Green Librarian

Going back in time

First let me just say that my previous post Follow the Moon was in fact suppose to come before the one entitled “Funny how these things happen“. Oh well!

That said, going back again to the book I’m reading, Four Fish by Paul Greenberg,  I have come across another uplifting article on salmon entitled “Extinct Salmon Discover in Japanese Lake” by Julian Ryall at National Geographic.

That leads me to a couple of other articles on another of the four fish, Tuna. They are “Anglers Are in Dire Straits Along Istanbul’s Bosphorus” by Marc Champion at the Wall Street Journal and “Tuna’s End” by Paul Greenberg at the New York Times. I may have posted on this last article before but perhaps it bears repeating.

Interestingly enough, this last article falls under the subject of whales and whaling at the New York Times. Hmmm…


Green Librarian

Follow the Moon

After reading the book Follow the Moon by Sarah Weeks last night, along with Turtle in the Sea by Jim Arnosky, I thought this would be a great day to post a couple of articles on Sea Turtles. The first one is entitled “Endangered Turtles Saved from Fishery” by Jake Richardson over at Care2.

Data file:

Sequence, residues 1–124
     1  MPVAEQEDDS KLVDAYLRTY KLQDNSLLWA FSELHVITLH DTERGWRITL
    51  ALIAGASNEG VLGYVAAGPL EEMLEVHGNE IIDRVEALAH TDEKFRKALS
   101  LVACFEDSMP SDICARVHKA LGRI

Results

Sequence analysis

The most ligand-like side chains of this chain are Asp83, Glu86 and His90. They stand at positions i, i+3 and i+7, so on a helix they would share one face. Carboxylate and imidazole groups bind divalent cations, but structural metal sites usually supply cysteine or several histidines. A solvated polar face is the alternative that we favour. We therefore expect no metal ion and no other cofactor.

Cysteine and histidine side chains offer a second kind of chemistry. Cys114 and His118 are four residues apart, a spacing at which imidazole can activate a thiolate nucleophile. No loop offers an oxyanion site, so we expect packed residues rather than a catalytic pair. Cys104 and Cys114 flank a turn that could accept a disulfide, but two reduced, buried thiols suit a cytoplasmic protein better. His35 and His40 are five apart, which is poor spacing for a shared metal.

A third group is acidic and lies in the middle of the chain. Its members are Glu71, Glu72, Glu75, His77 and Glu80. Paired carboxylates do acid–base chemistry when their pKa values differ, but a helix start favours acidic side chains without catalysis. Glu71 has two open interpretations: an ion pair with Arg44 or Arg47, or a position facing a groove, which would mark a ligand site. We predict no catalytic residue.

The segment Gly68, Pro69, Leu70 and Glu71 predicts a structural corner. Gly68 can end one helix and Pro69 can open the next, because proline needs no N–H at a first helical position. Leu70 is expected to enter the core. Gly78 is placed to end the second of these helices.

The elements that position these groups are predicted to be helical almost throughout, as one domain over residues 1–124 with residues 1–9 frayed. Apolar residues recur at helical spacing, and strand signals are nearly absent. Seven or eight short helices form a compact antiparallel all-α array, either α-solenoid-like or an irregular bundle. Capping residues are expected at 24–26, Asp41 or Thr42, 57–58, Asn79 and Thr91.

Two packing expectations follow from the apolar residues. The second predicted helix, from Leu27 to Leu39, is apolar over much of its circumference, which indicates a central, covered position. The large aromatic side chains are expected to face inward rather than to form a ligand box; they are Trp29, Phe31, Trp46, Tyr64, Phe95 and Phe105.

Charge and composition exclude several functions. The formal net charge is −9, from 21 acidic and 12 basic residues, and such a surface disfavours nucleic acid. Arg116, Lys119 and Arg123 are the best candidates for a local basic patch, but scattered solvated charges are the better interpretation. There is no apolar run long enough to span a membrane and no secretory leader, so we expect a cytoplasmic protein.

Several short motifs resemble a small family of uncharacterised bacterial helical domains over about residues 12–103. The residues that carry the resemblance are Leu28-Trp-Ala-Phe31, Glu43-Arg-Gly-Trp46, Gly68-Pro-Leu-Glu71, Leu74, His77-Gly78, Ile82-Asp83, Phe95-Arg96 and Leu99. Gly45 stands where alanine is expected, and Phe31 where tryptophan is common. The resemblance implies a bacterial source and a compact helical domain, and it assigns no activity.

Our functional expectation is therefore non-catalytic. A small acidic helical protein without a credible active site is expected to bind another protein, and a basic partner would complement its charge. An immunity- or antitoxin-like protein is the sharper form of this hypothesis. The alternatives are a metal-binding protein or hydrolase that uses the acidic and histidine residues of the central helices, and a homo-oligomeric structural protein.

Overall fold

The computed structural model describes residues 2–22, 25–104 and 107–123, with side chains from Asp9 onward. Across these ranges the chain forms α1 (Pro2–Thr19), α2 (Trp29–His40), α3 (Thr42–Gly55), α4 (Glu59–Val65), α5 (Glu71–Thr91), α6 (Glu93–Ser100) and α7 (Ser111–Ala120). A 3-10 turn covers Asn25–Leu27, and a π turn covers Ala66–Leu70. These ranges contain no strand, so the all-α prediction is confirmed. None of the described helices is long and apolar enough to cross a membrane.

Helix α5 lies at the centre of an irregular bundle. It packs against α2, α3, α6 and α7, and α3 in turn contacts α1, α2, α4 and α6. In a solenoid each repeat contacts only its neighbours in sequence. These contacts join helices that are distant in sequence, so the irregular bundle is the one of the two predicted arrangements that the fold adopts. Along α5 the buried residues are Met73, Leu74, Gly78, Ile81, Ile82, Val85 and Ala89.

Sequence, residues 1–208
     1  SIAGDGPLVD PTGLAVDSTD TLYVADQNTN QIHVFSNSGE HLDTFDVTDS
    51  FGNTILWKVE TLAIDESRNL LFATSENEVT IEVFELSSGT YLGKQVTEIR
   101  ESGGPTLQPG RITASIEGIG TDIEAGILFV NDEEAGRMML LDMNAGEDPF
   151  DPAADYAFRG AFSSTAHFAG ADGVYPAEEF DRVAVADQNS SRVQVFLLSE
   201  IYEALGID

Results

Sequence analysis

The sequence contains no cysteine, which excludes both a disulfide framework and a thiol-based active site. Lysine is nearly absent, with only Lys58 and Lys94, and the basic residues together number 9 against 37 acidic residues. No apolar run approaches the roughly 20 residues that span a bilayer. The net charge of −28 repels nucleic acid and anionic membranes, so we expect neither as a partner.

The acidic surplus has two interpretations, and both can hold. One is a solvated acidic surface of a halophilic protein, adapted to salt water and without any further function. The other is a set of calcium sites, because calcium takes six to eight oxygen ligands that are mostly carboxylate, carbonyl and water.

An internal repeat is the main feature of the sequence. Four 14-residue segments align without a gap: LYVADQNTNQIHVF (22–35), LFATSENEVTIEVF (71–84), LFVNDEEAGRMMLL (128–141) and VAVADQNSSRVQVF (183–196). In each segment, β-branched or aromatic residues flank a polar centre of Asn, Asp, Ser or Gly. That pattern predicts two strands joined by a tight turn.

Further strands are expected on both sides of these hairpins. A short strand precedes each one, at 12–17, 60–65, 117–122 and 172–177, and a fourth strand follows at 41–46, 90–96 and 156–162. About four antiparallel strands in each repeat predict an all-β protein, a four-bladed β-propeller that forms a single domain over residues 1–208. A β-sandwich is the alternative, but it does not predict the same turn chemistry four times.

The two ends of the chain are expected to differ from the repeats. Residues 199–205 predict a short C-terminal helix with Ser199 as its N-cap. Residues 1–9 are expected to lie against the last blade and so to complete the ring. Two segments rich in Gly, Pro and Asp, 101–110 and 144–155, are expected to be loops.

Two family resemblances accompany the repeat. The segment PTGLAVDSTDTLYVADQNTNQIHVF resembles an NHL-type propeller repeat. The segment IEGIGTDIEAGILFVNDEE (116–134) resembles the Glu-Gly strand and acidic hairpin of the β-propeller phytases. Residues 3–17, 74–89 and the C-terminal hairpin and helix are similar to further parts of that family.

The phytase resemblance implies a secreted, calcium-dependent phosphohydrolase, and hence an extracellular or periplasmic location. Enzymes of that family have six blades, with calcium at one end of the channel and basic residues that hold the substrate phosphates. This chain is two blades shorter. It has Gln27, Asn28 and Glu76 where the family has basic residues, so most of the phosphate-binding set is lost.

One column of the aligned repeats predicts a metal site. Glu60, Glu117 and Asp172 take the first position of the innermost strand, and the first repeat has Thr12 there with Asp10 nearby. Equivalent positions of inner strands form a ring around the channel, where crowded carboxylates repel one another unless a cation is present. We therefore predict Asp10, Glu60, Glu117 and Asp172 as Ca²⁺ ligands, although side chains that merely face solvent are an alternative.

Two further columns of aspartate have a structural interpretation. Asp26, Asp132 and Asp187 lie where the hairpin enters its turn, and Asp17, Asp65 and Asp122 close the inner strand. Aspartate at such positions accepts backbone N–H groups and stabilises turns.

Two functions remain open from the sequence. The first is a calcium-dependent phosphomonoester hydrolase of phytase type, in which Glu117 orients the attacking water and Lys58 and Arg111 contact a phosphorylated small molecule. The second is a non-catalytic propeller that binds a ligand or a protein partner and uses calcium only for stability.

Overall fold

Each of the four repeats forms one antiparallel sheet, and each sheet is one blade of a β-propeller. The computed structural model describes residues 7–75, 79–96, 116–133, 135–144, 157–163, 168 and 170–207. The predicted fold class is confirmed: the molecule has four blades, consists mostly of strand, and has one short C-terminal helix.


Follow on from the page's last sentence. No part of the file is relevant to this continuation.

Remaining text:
The other one is actually an action that you can take (as I already have) for Australian Sea Turtles over at the Sea Turtle Restoration Project entitled “Take Action for Australia’s Sea Turtles and the Kimberley”. It also has a link to the turtle’s nesting pathway that I really liked.



Green Librarian

Is spring right around the corner?

While I know spring is not just right around the corner, at least we’ll get a peek at it these next few days. That said though and with winter still hanging around, I thought this article “Cold Jumps Arctic ‘Fence,’ Stoking Winter’s Fury” by Justin Gillis at the New York Times. Good reading

And while I’m trying not to look ahead, the article “Water Hazard on the Plains” by Joe Barrett at the Wall Street Journal might just be a warning of what’s to come. Here’s hoping it’s not.


Green Librarian

Funny how these things happen

During the day I came across a couple more articles on Sea Turtles. The first one is “Cold-Stunned Green Sea Turtles Rescued Along Texas Coast” by Heather Carr at EcoScraps. With all the cold weather they’re having, that’s not a surprise unfortunately.

The other one is “Sea Turtles and the Deepwater Horizon Oil Spill” by Cutler Cleveland at the The Encyclopedia of Earth. This one however is man-made not mother nature.


Green Librarian

As my thoughts turn to summer

While we are stuck here in winter in the midwest, this article on Loons took me to our family cabin that the kids and I enjoy each summer. It’s entitled “Will Gulf Oil Disaster Threaten Minnesota’s State Bird” by Dave Dempsey at  EcoLocalizer. I’m hoping not. Stay Tuned.


Green Librarian

Four fish

As I’ve been reading the book Four Fish by Paul Greenberg, I was drawn to this article in the Wall Street Journal by Justin Scheck today entitled “Big Salmon Run Spawns Profits“.


Green Librarian